DNA database growth defended by police
More than a crime a day is being solved in Norfolk due to improvements in DNA sampling, according to police forensic experts. Almost 50,000 people in the county are held on the national DNA database, representing 6pc of the total population.
More than a crime a day is being solved in Norfolk due to improvements in DNA sampling, according to police forensic experts.
Almost 50,000 people in the county are held on the national DNA database, representing 6pc of the total population. But Norfolk police last night insisted the samples are the key to solving hundreds of offences.
And while the database continues to grow by 700 people a month, Alan Gilbert, Norfolk's head of crime command, insisted: “If you've got nothing to hide, you've got nothing to fear”.
Almost 50 suspects are found each month in the county using the database, meaning that 500-plus people who may otherwise go unpunished a brought to justice each year.
The majority are linked to volume crimes such as burglaries but there is still hope many high profile offences, such as unsolved murder cases, could be unravelled.
Only yesterday a 70-year-old man was charged with the murder of a teenage girl whose body was found in allotments in Birmingham in 1961.
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Mr Gilbert said: “We are constantly refining techniques and making sure we have the best systems in place. As a result we are becoming increasingly successful in the number of cases we are able to solve using DNA evidence.
“Last year we were identifying as many as 39 suspects each month on average and this year that has increased to 49.
“A lot of these are historic cases which might otherwise go unsolved. Obviously DNA is only one part of the evidence we need to gather but it does help investigation teams focus their inquiries.
“When it comes to more serious offences, there is a real possibility that DNA will hold the vital clue. In some cases it is just a matter of time before a suspect is picked up for a minor matter and we can match them to evidence gathered on a cold case.”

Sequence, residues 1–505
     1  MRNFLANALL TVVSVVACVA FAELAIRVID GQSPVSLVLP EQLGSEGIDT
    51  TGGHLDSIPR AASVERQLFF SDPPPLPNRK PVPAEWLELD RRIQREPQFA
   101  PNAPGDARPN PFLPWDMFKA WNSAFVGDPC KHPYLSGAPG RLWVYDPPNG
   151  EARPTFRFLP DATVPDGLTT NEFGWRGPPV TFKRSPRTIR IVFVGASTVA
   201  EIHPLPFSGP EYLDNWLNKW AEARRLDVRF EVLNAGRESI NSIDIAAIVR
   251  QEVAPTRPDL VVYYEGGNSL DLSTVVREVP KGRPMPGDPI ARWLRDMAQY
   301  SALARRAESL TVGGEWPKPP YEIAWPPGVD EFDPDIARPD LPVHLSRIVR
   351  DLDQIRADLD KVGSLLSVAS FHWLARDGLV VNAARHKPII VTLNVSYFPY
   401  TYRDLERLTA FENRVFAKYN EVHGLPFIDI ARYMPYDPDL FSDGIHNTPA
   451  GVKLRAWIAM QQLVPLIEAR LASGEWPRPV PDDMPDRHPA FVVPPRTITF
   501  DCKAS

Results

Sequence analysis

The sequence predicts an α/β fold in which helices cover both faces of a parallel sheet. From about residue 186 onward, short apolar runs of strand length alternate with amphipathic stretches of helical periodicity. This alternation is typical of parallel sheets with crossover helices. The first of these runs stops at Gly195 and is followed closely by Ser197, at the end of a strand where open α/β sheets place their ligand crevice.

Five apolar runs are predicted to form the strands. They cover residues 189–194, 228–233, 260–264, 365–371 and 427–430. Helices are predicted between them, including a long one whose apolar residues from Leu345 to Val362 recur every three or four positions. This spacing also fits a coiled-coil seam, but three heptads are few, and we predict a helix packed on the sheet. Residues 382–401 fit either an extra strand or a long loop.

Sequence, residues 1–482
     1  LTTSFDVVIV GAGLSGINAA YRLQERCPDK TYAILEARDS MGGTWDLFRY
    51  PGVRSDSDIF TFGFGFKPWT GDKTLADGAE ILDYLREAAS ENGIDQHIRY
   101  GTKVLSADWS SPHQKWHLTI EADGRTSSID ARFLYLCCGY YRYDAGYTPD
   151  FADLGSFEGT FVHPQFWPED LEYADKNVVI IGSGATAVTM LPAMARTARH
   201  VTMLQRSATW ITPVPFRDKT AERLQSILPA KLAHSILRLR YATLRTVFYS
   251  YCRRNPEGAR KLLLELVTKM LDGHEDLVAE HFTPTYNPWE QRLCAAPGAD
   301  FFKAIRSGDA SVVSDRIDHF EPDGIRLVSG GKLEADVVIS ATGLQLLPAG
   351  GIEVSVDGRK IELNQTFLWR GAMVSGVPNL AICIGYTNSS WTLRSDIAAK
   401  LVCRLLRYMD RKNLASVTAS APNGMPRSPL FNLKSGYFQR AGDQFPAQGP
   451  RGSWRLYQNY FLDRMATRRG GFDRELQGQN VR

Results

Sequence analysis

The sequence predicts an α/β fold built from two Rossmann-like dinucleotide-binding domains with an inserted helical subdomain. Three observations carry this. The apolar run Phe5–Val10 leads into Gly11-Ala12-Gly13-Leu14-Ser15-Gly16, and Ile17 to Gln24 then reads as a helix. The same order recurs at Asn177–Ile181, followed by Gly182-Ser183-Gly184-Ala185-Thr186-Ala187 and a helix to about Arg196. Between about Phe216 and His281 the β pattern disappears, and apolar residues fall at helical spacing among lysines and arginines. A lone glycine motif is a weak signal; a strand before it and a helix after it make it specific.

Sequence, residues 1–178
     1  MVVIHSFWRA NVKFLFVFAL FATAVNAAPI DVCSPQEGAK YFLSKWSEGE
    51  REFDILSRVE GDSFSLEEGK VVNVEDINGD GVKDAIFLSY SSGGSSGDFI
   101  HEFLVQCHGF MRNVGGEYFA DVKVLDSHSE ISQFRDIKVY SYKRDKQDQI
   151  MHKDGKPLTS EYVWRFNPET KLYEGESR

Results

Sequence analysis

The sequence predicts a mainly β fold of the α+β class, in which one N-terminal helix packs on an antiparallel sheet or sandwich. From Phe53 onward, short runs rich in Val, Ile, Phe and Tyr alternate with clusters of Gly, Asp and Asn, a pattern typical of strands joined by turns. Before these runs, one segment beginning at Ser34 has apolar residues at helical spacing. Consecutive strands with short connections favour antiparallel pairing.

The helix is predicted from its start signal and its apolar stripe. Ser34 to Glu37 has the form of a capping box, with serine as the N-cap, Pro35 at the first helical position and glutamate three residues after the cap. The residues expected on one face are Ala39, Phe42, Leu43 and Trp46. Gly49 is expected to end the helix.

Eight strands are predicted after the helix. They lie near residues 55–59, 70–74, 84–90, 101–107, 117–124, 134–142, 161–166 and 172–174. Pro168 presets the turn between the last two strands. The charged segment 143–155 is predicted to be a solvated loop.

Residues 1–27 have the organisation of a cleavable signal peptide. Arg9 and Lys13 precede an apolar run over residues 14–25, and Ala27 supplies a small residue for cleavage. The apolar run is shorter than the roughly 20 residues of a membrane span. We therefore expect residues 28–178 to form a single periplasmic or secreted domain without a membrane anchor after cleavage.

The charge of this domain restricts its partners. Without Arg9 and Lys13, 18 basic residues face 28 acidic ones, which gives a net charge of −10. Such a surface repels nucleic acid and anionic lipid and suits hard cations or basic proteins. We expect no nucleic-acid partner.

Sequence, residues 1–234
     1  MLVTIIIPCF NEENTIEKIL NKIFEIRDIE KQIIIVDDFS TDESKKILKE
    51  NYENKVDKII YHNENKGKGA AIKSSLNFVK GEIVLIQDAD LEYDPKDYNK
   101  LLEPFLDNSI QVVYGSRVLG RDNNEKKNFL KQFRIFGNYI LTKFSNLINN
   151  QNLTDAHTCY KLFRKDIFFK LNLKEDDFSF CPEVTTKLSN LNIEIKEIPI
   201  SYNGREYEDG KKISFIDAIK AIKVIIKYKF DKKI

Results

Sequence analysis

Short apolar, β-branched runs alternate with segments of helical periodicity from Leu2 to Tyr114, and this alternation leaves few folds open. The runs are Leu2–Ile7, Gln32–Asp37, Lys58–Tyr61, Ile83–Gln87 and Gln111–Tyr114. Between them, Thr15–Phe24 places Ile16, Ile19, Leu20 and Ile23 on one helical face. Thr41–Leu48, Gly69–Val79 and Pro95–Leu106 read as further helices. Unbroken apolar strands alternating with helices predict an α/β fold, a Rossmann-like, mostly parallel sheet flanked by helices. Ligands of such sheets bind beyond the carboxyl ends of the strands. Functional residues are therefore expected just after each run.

In the past the national database has attracted controversy, not least because it includes people arrested for all recordable crimes including some more serious driving matters. Even once a suspect has been cleared they remain on the database.
Association of Chief Police Officer guidelines do allow people to apply for their details to be removed under exceptional circumstances. But Mr Gilbert admitted this was “very rare”.
He said: “Hundreds of crimes have been solved since the introduction of the database including many high profile cases. If somebody is arrested for a one-off offence they shouldn't have anything to worry about.
“If however somebody has committed a serious crime or is a repeat offender then this increases the chances they will be caught.”
Earlier this year it was revealed that at least 3,500 of the people on the database in Norfolk are aged under-18 and critics added that keeping the DNA of innocent people without their consent is wrong. Nationally there are about 3.5m on the database.
Before 2001, the police could take DNA samples during investigations but had to destroy the samples and the records if the people concerned were acquitted or charges were not proceeded with.
The law was changed in 2001 to remove this requirement, and changed again in 2004 so that DNA samples could be taken from anyone arrested for a recordable offence and detained in a police station.